We may ask: What exactly is the state? You might answer: “The state, that’s all of us” or “We cannot do without the state because who would build roads and schools, support the needy, ensure justice and security?”
However, the logic of action brings to light a rather different kind of answer. From that point of view, it is obvious that the state (as we know it today) is a coercive monopoly of power, the use of force. The American economist and social philosopher Murray N. Rothbard (1926–95) defines the state (as we know it today) as the territorial, coercive monopolist with the ultimate decision-making power over all conflicts in its territory and as taking also the right to levy taxes.
This kind of state is, of course, not a natural institution, has not been created voluntarily by people, nor could it have arisen in a system of free markets, because in free markets, there is only voluntary exchange; there is no forced action brought about by coercion and violence.
The German sociologist, physician, and economist Franz Oppenheimer (who, incidentally, was the doctoral supervisor of Ludwig Erhard, the father of the German social market economy and the second chancellor of the Federal Republic of Germany) determined unequivocally that the state is in fact based on coercion and violence. Oppenheimer writes that the state
in its genesis, essentially and almost completely during the first stages of its existence, is a social institution, forced by a victorious group of men on a defeated group, with the sole purpose of regulating the dominion of the victorious group over the vanquished, and securing itself against revolt from within and attacks from abroad. Teleologically, this dominion had no other purpose than the economic exploitation of the vanquished by the victors.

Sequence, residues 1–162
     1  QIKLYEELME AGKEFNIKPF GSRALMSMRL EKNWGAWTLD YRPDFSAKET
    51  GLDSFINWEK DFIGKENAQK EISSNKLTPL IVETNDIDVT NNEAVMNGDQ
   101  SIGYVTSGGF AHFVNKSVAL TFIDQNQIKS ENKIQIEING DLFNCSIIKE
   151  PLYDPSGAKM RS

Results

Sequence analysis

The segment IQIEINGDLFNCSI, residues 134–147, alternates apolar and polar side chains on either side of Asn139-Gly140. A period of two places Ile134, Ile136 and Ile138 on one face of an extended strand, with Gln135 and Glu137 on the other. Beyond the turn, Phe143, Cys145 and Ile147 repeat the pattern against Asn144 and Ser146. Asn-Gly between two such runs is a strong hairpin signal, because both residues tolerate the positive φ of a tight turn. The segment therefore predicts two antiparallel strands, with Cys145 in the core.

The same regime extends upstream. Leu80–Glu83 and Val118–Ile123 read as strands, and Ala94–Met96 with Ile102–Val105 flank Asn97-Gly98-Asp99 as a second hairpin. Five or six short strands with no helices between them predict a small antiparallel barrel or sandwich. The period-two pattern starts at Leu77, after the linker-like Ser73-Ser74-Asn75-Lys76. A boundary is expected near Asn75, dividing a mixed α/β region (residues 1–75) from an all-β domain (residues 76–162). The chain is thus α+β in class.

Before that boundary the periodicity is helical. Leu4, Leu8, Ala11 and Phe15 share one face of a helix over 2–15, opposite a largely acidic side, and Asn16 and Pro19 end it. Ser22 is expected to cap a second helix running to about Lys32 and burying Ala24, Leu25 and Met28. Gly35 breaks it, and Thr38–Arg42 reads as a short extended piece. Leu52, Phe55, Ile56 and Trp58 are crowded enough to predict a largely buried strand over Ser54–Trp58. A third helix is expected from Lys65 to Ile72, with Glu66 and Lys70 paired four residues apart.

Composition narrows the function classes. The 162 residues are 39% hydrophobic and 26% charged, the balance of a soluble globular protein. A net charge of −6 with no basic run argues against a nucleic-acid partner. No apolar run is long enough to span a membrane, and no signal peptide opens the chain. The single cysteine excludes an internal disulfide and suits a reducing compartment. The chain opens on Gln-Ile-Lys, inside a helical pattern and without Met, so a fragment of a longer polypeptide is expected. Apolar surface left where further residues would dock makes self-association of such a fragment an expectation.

Rothbard and Oppenheimer inform us that the state is an aggressive institution and especially aggressive inward. The ruling class, through use of state power, strives not only to maintain its power over the ruled class but also to expand it through prohibitions and bans, regulations and laws, higher taxes, and much more.
The reason for this is obvious: If the state has the territorial monopoly of power to ultimately decide all conflicts in its territory, and if it also has the power to levy taxes (including the inflation tax), then the state (the people who exercise its power) will, of course, make greater and more use of it.
The ruling class prefers more means over fewer means, and it prefers an earlier satisfaction of wants over a later satisfaction. Put simply, the state (as we know it today) becomes larger and more powerful over time, and the citizens and entrepreneurs under its command are increasingly pushed around, their freedoms curtailed. However, the state will not only become larger and more powerful “internally” but also externally as soon as it gets a suitable opportunity to do so.
States that feel ideologically linked to each other have an incentive to form a cartel, to eliminate competition between them. An example of such a state cartel is the European Union. It allows the member states to become bigger and more powerful.